Schaefer hasn't given up despite D.C. nearing deal

June 16, 1994|By Jon Morgan | Jon Morgan,Sun Staff Writer

Despite indications that the Bullets and Capitals are close to an agreement to move to Washington, D.C., Gov. William Donald Schaefer said yesterday that he would continue efforts to retain the sports franchises in Maryland -- and possibly draw them to Baltimore.

"What we are going to do is keep right on doing what we are doing," Schaefer said yesterday upon his return from a foreign trade mission.

He said the state and Prince George's County should proceed with the jointly funded, $500,000 study of the teams' needs unless a deal already has been struck to move them to Washington.

Officials in Washington say they are close to signing an agreement with team owner Abe Pollin under which the NBA Bullets and NHL Capitals would move from their current home in Landover to a new, publicly funded arena in Washington's Chinatown section.

Pollin was in Washington yesterday and had lunch with Mayor Sharon Pratt Kelly and met with members of the District of Columbia Council. An aide to council member Jack Evans, in whose district the sports facility would be built, said a memorandum of understanding is expected within days.

Issues related to the arena's financing have delayed settlement, but negotiators have turned away from a controversial increase in the liquor tax in favor of a special fee assessed employers in the District, the aide said.

"Things look very upbeat, very positive," said the aide. The council must approve the project before a summer recess that begins in a month.

Maryland officials, however, privately expressed skepticism that the District could complete the project, even if agreement is reached with Pollin, and held out hope the teams would stay.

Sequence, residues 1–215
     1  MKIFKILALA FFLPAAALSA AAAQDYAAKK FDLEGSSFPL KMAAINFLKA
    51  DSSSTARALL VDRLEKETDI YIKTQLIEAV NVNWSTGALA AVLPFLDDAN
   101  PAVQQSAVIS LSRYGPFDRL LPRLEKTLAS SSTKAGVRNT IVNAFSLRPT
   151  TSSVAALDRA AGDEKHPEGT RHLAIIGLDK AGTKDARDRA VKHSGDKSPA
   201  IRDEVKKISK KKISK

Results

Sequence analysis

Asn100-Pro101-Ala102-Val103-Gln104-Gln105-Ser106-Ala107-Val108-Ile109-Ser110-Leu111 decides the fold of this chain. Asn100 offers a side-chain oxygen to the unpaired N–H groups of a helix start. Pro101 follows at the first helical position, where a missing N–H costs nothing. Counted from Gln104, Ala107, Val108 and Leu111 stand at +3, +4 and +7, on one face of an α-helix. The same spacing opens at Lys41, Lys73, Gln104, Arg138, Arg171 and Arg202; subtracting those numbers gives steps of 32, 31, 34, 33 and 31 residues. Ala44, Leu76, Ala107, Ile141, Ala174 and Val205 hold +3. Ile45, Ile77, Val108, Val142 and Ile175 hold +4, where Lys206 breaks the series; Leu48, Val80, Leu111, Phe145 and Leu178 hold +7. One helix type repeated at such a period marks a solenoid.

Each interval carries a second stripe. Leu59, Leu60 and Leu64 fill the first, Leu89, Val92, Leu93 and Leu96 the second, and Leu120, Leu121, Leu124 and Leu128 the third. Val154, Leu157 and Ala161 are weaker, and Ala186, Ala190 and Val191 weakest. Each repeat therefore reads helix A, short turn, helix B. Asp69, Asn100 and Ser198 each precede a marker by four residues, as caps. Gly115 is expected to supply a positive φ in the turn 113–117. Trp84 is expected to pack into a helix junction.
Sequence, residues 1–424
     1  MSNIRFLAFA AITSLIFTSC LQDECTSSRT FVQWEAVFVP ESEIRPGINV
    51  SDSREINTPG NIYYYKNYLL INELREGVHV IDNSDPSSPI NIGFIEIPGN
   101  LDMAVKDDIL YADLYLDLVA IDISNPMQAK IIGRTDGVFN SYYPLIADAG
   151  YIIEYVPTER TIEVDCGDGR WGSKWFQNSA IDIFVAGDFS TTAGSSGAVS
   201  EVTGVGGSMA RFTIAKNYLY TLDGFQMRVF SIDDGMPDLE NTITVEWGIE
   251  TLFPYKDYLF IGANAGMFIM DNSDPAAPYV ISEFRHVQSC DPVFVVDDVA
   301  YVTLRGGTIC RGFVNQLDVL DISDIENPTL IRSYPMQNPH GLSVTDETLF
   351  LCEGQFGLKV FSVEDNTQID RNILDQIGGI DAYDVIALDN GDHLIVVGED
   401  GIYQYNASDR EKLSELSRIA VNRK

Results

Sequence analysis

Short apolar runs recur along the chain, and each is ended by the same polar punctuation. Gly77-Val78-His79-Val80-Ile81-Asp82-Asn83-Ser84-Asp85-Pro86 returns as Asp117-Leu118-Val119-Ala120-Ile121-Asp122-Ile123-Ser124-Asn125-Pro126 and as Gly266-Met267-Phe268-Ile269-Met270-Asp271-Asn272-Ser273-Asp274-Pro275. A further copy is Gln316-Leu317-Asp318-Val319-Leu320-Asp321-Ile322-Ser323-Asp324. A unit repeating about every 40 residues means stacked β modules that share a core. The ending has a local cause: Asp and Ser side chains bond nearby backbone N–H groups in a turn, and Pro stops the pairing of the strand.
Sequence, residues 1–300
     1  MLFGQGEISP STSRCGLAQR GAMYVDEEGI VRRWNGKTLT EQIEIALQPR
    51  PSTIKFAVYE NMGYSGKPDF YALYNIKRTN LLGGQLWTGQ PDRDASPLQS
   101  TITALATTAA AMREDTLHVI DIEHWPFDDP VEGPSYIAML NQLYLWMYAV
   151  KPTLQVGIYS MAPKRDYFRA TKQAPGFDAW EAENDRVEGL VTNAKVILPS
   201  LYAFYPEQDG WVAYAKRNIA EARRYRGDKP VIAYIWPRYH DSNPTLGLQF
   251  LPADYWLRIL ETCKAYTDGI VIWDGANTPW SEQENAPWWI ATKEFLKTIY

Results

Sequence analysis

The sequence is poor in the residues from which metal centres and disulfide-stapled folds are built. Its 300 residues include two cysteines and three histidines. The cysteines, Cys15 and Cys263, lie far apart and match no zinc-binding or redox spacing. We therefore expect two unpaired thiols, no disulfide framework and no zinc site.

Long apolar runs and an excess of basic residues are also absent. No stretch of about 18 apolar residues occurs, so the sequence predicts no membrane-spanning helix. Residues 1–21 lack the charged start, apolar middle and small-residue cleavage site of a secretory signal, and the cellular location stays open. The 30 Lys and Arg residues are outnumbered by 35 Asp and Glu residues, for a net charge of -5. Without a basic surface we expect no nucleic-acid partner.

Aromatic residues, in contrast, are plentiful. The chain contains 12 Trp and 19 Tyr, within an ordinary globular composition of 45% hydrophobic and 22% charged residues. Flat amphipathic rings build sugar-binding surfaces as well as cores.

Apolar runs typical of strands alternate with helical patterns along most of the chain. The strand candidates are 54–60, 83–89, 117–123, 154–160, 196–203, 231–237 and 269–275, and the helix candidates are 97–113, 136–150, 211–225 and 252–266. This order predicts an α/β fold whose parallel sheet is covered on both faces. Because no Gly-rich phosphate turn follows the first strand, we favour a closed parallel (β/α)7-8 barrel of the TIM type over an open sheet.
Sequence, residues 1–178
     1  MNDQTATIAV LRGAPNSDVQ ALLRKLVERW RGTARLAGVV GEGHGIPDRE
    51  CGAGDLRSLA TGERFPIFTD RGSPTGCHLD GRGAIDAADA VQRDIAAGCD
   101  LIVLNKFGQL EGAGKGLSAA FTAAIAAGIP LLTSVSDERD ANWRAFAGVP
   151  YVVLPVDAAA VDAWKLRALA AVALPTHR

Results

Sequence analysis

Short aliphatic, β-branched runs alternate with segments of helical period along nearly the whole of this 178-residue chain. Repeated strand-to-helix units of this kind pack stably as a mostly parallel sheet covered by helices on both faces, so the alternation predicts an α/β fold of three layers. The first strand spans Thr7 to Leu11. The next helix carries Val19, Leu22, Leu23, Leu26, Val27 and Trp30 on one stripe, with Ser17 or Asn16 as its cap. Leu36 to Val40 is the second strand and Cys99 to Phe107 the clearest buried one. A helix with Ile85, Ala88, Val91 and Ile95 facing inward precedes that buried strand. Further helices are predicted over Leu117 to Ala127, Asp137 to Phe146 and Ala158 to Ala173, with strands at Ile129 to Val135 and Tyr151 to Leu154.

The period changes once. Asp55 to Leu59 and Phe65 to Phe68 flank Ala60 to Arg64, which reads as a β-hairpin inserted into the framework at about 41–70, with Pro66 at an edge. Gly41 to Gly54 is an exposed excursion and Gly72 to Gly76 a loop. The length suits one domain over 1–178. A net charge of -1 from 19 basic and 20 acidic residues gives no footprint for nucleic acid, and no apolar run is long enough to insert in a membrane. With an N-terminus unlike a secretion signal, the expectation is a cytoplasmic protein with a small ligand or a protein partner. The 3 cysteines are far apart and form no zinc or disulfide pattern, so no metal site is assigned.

"I think his heart is in Washington and in Maryland second," Schaefer said of Pollin. "I personally think he really wants to go to Washington."

The teams currently play at the USAir Arena, built by Pollin more than 20 years ago off the Capital Beltway. Before that arena's opening, the Bullets played in Baltimore. Pollin, a Philadelphia native, lives in Bethesda.

"Abe is not talking about moving to Florida. Washington is not our enemy. We should do what we can do to help Washington," Schaefer said.

Schaefer said he felt no animosity toward Kelly, whom he met with earlier this year and pledged his cooperation to try and keep the Redskins from leaving Washington.

The governor said he would meet with Pollin soon, and did not rule out the possibility of trying to lure him to Baltimore if the Washington discussions fail. Schaefer said he has not pushed BTC for a Baltimore arena in deference to the political leaders in Prince George's County, but that could change if Pollin seems dissatisfied with the response.

"I think it is evident that they [the teams] are not too happy where they are and this gives the Baltimore community -- if they want to -- a chance to make an offer," Schaefer said.

"I'm looking quite frankly for the delegation from Prince George's -- particularly Mr. Miller -- to take the leadership," Schaefer said.

Senate President Thomas V. Mike Miller Jr., D-Prince George's, has said the state is doing everything it can under its legislative mandate and is abiding by its pledges to Pollin.

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